These are the dual realities of the holidays that approach. A time when both joy and sadness, quiet and commotion compete for a presence in our lives. My own experiences with both the light and dark aspects of the holidays have heightened my emotional sensitivities and my empathy for others who struggle at his time of year.

Perhaps that is the truth God wanted me to see after all the years I spent wrapped up in the busy-ness of the season. The true joys of the season are not found under trees or in shopping carts or even along glowing roof-lines. In this joy-filled yet broken world filled with traditions and terror, caring and competition, winning and whining, the joy we seek can only be found in our hearts and the hearts of others. When we share God’s light and love with those of every walk we encounter, be it the hungry at the shelter or the stressed out Mom in line behind us, that is where we find joy. When you hold the door to the post office open for a package laden distressed style maven and they sputter their surprised gratefulness, that is joy. When your landlord offers to pay half your heat bill out of the blue for the months of December and January, that is joy multiplied.  By releasing ourselves from celebration expectations we can find joy in actively and expectantly waiting for the One who is coming whose true light will shine in the darkness and bring peace to our hearts.

Let your light so shine just as His light shines in the darkness.

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Courtesy: The Evangelical Lutheran Church in America

 

 

The Seventh Day of Advent

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Courtesy: Evangelical Lutheran Church in America

There are times when I know I have met God. I have found him beside me on a mountaintop, rejoicing with His spirit at one with mine. Other times I have seen him in the actions of another, God at work in the world. He has lain beside me deep into the night and wiped tears from eyes as I fell asleep, God being near as I prayed.

A father with such magnitude and might … one would think we would see Him crowned in the glory we sing of and we would surely be dressed in our Sunday best if not better. I am sure he was there when my parents presented me for baptism in my white baptismal gown – that was likely the only time I met Him when I was worthy of meeting Him. But in His almighty grace, God prefers to meet us where we are at. He seeks us out in our roughest moments and He joins us in delight when we make it to the summit. We don’t have to be anything more than we are for God to open His arms to us. How should we greet Him? Just as we are – with our hearts open to his love.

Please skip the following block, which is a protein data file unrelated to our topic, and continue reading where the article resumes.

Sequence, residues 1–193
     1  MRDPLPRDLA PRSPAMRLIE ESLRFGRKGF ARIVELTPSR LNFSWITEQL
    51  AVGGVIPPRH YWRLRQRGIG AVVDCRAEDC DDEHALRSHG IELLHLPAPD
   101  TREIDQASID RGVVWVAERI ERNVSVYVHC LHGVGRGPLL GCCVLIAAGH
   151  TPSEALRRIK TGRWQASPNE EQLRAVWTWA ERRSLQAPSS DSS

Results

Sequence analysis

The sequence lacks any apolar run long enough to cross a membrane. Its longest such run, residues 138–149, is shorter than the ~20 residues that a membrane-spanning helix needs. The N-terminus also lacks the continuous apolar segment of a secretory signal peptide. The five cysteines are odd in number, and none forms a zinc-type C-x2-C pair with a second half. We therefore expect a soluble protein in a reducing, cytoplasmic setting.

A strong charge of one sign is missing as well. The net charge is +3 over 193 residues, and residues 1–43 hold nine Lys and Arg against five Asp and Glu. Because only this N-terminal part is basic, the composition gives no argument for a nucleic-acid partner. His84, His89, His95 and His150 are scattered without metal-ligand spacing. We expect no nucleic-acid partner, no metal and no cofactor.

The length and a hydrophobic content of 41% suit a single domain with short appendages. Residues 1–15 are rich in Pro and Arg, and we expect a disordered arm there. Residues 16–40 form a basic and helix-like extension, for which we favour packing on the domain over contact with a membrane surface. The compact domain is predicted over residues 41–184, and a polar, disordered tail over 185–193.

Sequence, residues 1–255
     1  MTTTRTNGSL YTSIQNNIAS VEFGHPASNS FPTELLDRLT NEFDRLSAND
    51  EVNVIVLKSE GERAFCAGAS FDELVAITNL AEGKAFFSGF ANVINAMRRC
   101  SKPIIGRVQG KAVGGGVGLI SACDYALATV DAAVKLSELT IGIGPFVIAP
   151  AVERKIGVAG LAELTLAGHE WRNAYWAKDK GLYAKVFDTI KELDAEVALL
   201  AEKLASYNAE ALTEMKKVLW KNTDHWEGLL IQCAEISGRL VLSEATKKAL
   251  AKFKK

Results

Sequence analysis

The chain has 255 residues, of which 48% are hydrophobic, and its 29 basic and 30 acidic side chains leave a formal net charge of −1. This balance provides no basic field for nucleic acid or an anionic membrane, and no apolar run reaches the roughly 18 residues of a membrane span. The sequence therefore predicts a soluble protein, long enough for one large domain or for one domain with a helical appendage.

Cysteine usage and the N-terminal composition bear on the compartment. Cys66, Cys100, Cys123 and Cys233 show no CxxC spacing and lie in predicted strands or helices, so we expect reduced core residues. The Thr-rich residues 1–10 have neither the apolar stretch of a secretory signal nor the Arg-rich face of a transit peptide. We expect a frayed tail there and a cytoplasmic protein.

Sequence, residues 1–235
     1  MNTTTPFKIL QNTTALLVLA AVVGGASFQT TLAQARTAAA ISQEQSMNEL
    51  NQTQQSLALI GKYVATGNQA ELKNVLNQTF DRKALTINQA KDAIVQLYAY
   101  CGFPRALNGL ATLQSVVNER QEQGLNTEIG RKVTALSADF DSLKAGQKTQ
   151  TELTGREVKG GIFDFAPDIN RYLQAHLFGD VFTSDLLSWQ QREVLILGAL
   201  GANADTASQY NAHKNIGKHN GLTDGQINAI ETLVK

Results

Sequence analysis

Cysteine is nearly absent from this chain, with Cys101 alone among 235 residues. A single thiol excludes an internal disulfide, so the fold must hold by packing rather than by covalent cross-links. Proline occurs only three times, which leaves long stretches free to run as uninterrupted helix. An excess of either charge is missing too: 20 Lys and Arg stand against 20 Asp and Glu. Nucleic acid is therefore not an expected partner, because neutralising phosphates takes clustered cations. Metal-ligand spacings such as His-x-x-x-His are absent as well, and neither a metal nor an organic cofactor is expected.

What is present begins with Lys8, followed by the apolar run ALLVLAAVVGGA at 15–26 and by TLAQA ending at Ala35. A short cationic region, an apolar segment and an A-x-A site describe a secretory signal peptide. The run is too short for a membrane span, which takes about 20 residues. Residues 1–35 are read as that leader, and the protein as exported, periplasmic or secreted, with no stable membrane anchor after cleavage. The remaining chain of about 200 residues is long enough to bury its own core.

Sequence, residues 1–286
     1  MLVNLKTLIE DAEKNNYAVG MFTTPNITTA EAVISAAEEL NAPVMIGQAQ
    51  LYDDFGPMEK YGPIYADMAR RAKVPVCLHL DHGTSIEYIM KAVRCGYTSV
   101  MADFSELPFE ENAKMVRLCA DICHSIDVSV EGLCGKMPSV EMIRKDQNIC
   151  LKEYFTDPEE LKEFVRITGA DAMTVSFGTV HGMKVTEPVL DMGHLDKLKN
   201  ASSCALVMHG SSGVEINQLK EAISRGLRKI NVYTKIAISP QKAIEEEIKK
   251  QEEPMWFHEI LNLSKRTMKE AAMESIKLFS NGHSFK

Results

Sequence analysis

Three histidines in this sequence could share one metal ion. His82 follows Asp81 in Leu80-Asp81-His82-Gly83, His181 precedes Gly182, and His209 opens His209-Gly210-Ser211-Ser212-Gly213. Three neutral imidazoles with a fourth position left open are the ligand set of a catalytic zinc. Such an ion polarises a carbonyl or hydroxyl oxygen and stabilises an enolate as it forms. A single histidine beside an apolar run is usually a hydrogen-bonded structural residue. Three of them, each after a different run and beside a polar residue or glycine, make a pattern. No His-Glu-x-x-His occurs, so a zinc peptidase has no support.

Let your light so shine  – just as His light shines in the darkness.

The Sixth Day of Advent

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Courtesy : Evangelical Lutheran Church in America

“Peace I leave with you; my peace I give you. I do not give to you as the world gives. Do not let your hearts be troubled and do not be afraid.” John 14:27

So much peace of mind has come my way while reflecting on these words. I remember the summer I moved to Whitefish I spent weeks searching my soul and trying to divine my future, seeking out God’s will and trying to do what I thought best when it came to turning my settled life on the Eastern Montana plains upside down and heading west to climb mountains and live in paradise. I endured numerous sleepless nights filled with prayer, took countless contemplative walks trying to discern the right course to follow, and queried those I trusted for objective reason in the direction I was taking my life. Finally feeling strong and sure enough in what I was doing I took the leap that had at the time seemed so right, so bold, and so full of faith.